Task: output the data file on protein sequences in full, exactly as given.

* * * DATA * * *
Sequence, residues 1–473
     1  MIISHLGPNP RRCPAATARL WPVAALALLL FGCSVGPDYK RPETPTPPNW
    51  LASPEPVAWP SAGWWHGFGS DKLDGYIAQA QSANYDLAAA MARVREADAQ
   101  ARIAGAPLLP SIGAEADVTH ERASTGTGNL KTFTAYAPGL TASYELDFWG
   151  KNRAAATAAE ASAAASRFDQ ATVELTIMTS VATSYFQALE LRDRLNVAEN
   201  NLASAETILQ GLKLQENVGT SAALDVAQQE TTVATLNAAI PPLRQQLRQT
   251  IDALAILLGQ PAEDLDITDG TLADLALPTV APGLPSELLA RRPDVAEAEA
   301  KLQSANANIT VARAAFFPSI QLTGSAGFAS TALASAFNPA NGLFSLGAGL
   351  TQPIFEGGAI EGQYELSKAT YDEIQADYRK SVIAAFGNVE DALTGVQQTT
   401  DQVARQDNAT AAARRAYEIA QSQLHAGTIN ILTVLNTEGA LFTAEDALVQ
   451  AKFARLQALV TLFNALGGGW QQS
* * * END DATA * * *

Sequence, residues 1–473
     1  MIISHLGPNP RRCPAATARL WPVAALALLL FGCSVGPDYK RPETPTPPNW
    51  LASPEPVAWP SAGWWHGFGS DKLDGYIAQA QSANYDLAAA MARVREADAQ
   101  ARIAGAPLLP SIGAEADVTH ERASTGTGNL KTFTAYAPGL TASYELDFWG
   151  KNRAAATAAE ASAAASRFDQ ATVELTIMTS VATSYFQALE LRDRLNVAEN
   201  NLASAETILQ GLKLQENVGT SAALDVAQQE TTVATLNAAI PPLRQQLRQT
   251  IDALAILLGQ PAEDLDITDG TLADLALPTV APGLPSELLA RRPDVAEAEA
   301  KLQSANANIT VARAAFFPSI QLTGSAGFAS TALASAFNPA NGLFSLGAGL
   351  TQPIFEGGAI EGQYELSKAT YDEIQADYRK SVIAAFGNVE DALTGVQQTT
   401  DQVARQDNAT AAARRAYEIA QSQLHAGTIN ILTVLNTEGA LFTAEDALVQ
   451  AKFARLQALV TLFNALGGGW QQS